Splitting bamboo plants into equal segments is particularly beneficial if you do not want to buy additional plants for privacy screening or garden hedging. In hindsight, you save money when dividing a bamboo plant before planting, and will probably get the most out of what you buy.
Alternatively, grow the bamboo in the garden and separate them as they grow to fill out the gaps in the hedge. Note that the bamboo plants are fast-growing, but it can take 3 – 5 years before you can safely take cuttings off them.
The major factor that you should consider when splitting bamboo is the growth factor – whether the segmented plants will do well or not!
Time, site and soil
Cutting the plants can cause stress which can destroy the whole bamboo. Instead of getting more than one plant, you might end up getting nothing. So, here are three things that are important to ensuring the segmented bamboo plants are growing: time, site and soil.
Time: When to separate and plant the bamboo is important. Many experts recommend planting bamboo early in Spring when the plants’ growth is prominent.
Site: Prepare the site properly. Bamboos are tolerant plants. They will grow where you plant them. However, to create an ideal growing site, dig holes twice as wide as the diameter of the plants, and deeper than the heights of the ‘holding pots’. Understandably, the wider and deeper the holes, the easier it will be for the new bamboo plants to establish themselves.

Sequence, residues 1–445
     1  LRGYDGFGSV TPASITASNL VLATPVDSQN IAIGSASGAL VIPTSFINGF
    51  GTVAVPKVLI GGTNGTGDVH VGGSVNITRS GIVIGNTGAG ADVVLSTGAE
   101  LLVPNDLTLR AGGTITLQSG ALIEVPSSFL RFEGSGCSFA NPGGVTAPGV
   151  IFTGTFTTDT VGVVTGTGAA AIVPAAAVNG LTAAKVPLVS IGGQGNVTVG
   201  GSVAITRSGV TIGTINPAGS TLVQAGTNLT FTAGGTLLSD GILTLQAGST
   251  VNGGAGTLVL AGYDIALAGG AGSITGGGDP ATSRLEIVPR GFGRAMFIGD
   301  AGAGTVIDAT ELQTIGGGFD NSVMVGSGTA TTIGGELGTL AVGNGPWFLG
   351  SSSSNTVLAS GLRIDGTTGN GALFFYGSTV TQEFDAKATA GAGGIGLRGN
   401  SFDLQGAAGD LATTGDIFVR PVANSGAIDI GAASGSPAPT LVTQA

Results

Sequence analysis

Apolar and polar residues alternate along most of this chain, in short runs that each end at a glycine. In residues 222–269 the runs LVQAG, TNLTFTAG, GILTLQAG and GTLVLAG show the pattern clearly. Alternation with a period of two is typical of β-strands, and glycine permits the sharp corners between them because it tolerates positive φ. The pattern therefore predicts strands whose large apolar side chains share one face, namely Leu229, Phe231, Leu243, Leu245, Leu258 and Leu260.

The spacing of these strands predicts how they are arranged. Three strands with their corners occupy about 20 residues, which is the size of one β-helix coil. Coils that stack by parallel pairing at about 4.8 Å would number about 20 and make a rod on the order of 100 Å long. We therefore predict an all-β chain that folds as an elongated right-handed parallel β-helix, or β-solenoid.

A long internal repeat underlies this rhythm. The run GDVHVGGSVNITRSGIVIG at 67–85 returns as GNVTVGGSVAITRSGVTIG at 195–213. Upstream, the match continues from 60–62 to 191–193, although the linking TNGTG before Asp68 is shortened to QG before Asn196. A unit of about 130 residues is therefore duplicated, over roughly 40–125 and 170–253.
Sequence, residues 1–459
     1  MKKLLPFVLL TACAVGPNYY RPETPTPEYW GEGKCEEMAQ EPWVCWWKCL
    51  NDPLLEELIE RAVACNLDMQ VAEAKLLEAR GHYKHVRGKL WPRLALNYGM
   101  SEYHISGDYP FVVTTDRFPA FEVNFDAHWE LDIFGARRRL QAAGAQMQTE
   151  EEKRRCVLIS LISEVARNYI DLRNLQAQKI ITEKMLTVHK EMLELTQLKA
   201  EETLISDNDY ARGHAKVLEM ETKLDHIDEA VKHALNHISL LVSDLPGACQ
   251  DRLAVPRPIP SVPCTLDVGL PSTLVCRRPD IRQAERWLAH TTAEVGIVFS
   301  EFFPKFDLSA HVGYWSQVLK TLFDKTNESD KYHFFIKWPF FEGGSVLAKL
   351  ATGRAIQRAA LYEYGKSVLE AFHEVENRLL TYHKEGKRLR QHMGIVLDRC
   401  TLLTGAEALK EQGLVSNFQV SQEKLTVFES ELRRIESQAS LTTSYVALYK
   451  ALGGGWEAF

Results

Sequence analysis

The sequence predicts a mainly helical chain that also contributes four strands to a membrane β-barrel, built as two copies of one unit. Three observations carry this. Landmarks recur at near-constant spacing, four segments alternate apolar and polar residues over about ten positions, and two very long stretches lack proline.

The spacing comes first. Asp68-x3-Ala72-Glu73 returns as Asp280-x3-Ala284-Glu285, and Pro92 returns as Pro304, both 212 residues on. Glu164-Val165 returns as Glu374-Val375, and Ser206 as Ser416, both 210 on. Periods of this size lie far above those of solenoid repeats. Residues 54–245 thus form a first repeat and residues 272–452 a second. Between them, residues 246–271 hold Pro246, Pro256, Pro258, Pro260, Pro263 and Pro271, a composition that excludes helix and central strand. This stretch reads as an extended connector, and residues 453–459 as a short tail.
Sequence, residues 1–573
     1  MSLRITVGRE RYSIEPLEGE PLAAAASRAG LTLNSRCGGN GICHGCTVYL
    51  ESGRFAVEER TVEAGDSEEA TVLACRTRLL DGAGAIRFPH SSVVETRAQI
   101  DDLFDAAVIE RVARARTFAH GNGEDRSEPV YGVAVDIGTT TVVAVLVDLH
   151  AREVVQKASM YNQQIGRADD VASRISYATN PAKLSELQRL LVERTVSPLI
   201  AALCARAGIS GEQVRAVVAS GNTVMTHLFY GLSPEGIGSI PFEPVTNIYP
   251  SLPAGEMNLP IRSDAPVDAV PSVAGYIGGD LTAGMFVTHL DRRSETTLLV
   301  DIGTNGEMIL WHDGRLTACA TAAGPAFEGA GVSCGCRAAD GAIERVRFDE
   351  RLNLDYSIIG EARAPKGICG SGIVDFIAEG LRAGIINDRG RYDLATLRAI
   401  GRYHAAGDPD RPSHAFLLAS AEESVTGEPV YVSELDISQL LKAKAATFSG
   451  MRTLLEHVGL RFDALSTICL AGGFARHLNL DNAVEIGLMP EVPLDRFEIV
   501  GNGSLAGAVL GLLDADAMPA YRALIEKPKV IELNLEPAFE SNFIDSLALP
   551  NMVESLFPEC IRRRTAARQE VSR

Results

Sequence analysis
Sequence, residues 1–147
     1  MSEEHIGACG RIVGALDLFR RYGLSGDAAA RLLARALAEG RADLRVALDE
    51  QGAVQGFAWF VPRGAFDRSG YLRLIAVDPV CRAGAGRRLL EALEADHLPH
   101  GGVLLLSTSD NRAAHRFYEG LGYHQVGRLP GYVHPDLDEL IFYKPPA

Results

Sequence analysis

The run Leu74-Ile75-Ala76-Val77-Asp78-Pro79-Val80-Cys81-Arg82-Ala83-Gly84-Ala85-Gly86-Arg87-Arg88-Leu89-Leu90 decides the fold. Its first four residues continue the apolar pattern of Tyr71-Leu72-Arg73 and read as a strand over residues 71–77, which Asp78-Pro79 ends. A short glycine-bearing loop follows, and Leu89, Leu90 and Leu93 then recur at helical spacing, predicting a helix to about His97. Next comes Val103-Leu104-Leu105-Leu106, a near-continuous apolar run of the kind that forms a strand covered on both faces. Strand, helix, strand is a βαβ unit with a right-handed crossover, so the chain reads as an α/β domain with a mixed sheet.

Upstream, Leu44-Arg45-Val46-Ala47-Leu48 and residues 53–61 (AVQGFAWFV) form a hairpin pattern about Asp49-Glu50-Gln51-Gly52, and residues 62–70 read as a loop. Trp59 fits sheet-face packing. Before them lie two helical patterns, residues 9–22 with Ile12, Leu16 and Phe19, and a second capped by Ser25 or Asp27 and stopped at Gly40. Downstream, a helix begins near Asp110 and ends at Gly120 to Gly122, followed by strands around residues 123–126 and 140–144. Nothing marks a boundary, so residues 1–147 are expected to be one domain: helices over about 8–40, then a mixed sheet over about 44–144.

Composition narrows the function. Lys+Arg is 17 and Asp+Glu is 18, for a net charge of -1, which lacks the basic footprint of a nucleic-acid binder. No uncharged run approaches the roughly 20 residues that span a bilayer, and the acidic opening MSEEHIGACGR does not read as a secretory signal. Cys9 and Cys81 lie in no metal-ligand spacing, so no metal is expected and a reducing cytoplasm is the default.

Soil: Use loam soil which is best for growing bamboo plants. Alternatively, use 50/50 compost. Add mulch and tend the plant immediately after planting and the following Summer to protect and care for them as they grow. Water generously, but not too much that it gets waterlogged.
Spacing bamboo plants
There are several types of running and clumping bamboo and they come in different sizes and shapes. When spacing bamboo, you need to understand how far they’ll spread in one growing season, Spring to Summer.
As a general rule of thumb, plant the bamboos with good spacing while taking into account how far they’ll spread. This information (average spread) is often provided in the plants’ specifications when you buy them.
In addition, plant the smaller bamboos and clump-forming varieties 1.0 to 1.5 metres apart, whereas the running bamboo is 1.5 to 2 metres apart.